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Orchestrator deployment: raft

This text describes deployments for orchestrator on raft.

This complements general deployment documentation.

Backend DB

You may choose between using MySQL and SQLite. See backend configuration.

  • For MySQL:

    • The backend servers will be standalone. No replication setup. Each orchestrator node will interact with its own dedicated backend server.
    • You must have a 1:1 mapping orchestrator:MySQL.
    • Suggestion: run orchestrator and its dedicated MySQL server on same box.
    • Make sure to GRANT privileges for the orchestrator user on each backend node.
  • For SQLite:

    • SQLite is bundled with orchestrator.
    • Make sure the SQLite3DataFile is writable by the orchestrator user.

High availability

orchestrator high availability is gained by using raft. You do not need to take care of backend DB high availability.

What to deploy: service

  • Deploy the orchestrator service onto service boxes. As suggested, you may want to put orchestrator service and MySQL service on same box. If using SQLite there's nothing else to do.

  • Consider adding a proxy on top of the service boxes; the proxy would redirect all traffic to the leader node. There is one and only one leader node, and the status check endpoint is /api/leader-check.

    • Clients may only interact with healthy raft nodes.
  • Nothing should directly interact with a backend DB. Only the leader is capable of coordinating changes to the data with the other raft nodes.

  • orchestrator nodes communicate between themselves on DefaultRaftPort. This port should be open to all orchestrator nodes, and no one else needs to have access to this port.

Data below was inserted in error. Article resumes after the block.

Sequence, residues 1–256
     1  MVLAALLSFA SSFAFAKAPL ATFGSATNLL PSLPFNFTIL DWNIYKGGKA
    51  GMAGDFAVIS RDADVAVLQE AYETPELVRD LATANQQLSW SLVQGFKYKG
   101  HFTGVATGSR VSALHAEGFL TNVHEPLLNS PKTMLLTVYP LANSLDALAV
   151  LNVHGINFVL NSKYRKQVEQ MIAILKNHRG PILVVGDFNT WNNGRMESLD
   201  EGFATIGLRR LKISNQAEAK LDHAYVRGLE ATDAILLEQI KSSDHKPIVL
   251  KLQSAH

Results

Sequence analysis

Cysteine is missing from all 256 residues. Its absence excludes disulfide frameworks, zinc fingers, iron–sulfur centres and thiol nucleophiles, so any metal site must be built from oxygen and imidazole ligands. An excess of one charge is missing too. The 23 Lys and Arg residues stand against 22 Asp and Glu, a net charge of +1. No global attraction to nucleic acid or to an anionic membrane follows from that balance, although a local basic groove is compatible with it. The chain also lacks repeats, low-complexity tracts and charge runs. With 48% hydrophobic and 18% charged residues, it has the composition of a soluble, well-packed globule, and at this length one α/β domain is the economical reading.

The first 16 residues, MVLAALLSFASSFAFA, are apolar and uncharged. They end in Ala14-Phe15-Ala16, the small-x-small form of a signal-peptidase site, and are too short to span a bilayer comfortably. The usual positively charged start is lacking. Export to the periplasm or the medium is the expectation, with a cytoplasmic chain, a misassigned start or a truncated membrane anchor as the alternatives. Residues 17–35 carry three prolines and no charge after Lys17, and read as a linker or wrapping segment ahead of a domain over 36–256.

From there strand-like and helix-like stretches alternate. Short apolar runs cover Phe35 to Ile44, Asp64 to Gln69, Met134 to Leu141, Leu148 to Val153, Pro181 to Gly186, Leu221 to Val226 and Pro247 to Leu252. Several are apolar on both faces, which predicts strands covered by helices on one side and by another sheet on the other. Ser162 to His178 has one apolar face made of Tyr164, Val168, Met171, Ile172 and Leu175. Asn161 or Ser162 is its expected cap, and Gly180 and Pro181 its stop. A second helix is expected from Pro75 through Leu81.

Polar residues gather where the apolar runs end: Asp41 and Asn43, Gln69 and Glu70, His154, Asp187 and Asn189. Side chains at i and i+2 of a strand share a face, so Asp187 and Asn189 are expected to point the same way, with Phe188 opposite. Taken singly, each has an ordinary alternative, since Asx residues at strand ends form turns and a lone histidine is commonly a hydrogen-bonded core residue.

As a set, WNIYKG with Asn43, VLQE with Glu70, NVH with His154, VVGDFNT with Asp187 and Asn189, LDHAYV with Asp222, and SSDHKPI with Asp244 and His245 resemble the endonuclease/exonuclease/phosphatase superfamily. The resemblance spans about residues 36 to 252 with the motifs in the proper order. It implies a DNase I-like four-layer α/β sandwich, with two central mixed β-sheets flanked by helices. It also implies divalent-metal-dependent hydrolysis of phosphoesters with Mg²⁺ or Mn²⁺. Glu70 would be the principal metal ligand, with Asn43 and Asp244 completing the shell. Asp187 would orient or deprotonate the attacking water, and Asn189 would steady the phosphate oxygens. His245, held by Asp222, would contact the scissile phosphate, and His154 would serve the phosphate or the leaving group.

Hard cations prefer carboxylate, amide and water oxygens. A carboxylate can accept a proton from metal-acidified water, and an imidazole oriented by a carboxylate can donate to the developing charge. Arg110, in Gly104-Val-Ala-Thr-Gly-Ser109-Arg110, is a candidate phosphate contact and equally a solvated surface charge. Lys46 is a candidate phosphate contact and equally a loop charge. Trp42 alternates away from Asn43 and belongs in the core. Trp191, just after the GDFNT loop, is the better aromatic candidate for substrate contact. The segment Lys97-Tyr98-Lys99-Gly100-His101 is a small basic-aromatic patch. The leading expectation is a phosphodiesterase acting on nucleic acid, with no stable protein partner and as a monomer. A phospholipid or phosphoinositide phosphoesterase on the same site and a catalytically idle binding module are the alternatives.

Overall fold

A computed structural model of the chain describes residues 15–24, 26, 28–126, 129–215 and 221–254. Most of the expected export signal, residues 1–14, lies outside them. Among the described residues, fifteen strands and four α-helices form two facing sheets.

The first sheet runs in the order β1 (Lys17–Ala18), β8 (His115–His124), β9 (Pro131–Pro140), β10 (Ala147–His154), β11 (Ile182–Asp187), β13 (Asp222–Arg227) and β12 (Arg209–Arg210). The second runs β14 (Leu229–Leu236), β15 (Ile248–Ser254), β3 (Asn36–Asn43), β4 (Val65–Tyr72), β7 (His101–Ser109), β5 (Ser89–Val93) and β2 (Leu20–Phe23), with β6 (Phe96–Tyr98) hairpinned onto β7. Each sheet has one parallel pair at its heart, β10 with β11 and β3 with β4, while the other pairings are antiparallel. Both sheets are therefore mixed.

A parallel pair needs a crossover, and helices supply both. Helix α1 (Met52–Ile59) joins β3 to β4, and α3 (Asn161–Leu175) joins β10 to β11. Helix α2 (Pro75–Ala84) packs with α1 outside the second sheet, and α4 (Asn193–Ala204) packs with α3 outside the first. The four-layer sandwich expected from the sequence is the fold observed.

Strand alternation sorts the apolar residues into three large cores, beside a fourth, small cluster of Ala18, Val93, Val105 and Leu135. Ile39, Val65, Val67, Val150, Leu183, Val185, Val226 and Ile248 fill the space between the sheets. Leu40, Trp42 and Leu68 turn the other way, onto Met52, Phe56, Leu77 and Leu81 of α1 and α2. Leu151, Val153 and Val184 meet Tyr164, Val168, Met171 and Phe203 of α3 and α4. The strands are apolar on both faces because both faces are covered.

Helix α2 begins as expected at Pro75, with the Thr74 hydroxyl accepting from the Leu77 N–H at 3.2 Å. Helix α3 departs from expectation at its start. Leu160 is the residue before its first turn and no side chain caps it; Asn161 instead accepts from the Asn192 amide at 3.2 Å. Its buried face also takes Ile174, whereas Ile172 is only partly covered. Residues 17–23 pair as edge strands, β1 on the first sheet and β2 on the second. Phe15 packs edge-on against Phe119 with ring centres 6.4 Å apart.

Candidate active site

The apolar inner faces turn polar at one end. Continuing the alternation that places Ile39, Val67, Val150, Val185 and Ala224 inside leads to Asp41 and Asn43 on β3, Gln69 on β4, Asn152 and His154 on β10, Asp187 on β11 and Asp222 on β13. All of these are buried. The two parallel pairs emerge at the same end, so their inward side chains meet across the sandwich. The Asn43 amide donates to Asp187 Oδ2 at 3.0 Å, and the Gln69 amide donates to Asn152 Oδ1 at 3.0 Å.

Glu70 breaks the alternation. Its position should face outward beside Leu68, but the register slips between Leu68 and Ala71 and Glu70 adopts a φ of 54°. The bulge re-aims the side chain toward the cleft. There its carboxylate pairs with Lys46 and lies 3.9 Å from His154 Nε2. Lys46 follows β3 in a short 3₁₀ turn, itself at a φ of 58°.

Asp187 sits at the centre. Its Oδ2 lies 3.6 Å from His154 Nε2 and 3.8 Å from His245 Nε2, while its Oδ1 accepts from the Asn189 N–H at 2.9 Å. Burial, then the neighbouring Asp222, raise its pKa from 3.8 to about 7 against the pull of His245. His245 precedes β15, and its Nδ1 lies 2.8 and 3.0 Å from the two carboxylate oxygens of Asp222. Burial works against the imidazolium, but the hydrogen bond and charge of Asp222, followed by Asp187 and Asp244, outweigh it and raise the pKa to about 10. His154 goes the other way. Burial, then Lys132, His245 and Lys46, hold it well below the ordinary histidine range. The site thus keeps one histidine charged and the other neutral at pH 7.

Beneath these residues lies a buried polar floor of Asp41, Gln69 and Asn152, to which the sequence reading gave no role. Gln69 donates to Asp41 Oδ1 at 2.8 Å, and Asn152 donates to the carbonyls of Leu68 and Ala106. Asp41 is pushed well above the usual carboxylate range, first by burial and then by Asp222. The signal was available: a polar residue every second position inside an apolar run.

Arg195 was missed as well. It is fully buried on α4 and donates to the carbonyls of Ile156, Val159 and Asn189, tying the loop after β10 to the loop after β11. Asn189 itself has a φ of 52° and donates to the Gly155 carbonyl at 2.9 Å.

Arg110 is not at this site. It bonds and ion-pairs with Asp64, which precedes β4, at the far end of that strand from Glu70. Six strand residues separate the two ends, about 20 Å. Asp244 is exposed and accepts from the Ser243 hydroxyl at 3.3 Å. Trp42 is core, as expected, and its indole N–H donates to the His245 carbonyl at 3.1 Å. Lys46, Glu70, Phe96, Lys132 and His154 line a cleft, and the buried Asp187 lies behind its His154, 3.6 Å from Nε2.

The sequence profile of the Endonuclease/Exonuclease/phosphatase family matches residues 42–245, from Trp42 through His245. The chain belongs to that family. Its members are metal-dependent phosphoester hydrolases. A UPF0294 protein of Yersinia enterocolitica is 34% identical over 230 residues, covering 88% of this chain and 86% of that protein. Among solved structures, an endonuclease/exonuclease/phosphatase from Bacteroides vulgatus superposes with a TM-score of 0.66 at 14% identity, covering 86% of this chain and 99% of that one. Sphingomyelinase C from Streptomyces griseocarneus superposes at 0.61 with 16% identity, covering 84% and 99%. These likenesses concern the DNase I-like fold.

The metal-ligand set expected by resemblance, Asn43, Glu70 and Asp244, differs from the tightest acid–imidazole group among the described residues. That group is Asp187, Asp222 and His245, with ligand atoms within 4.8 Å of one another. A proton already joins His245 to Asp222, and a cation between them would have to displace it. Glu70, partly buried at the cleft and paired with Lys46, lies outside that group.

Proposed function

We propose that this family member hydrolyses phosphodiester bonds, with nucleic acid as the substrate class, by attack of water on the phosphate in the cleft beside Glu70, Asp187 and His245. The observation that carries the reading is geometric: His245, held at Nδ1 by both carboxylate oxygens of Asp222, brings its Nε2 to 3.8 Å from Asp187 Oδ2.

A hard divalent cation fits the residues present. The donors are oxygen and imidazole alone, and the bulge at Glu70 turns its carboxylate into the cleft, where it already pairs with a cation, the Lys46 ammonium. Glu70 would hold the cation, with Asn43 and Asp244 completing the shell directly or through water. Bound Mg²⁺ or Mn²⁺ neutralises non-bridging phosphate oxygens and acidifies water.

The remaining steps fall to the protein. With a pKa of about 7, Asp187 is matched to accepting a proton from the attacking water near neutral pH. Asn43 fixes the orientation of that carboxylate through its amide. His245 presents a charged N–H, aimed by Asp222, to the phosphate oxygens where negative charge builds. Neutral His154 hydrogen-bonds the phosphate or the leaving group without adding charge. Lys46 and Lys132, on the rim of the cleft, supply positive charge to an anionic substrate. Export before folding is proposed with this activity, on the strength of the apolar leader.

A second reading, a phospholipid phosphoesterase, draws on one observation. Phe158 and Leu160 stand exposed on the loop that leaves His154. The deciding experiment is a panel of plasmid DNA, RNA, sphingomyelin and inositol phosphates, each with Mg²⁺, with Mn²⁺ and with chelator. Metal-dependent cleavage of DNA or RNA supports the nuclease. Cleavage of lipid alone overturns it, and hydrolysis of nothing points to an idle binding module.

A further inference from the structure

What to deploy: client

To interact with orchestrator from shell/automation/scripts, you may choose to:

  • Directly interact with the HTTP API

    • You may only interact with the leader. A good way to achieve this is using a proxy.
  • Use the orchestrator-client script.

    • Deploy orchestrator-client on any box from which you wish to interact with orchestrator.

    • Create and edit /etc/profile.d/ on those boxes to read:



      ORCHESTRATOR_API="http://your.orchestrator.service.host1:3000/api http://your.orchestrator.service.host2:3000/api http://your.orchestrator.service.host3:3000/api"

      In the latter case you will provide the list of all orchestrator nodes, and the orchestrator-client script will automatically figure out which is the leader. With this setup your automation will not need a proxy (though you may still wish to use a proxy for web interface users).

      Make sure to chef/puppet/whatever the ORCHESTRATOR_API value such that it adapts to changes in your environment.

  • The orchestrator command line client will refuse to run given a raft setup, since it interacts directly with the underlying database and doesn't participate in the raft consensus, and thus cannot ensure all raft members will get visibility into it changes.

    • Fortunately orchestrator-client provides an almost identical interface as the command line client.